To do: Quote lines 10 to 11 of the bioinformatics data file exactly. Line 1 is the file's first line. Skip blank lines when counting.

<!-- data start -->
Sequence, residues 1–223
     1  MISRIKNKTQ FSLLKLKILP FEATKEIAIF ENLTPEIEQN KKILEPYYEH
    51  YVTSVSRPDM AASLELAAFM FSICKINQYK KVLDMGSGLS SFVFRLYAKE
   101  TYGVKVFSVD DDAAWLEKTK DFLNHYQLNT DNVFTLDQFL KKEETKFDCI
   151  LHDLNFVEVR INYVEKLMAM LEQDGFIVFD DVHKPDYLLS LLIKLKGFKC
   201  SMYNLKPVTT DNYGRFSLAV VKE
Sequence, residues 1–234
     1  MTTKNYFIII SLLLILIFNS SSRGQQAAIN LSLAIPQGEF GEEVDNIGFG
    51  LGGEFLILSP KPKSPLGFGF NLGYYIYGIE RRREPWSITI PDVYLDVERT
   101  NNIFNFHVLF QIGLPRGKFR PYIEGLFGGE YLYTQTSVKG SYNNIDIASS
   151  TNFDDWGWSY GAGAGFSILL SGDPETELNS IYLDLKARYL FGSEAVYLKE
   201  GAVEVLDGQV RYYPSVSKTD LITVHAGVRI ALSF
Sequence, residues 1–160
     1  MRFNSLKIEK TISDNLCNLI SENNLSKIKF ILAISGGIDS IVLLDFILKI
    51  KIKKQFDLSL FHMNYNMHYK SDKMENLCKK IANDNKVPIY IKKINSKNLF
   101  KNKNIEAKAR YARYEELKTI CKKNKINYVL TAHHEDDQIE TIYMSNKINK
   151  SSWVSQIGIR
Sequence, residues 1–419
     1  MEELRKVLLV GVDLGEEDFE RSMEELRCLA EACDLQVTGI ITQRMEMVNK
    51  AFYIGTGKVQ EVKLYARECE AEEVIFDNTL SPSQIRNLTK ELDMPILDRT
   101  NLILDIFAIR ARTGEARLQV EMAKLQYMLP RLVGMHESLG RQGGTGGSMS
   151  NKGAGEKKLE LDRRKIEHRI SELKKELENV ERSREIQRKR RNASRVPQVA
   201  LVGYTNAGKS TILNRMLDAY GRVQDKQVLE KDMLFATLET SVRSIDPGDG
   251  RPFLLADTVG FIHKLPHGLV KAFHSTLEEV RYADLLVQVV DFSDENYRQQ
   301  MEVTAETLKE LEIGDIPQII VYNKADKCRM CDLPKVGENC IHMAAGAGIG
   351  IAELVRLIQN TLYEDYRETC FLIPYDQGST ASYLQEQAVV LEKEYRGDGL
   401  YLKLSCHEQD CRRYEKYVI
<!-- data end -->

   101  NNIFNFHVLF QIGLPRGKFR PYIEGLFGGE YLYTQTSVKG SYNNIDIASS
   151  TNFDDWGWSY GAGAGFSILL SGDPETELNS IYLDLKARYL FGSEAVYLKE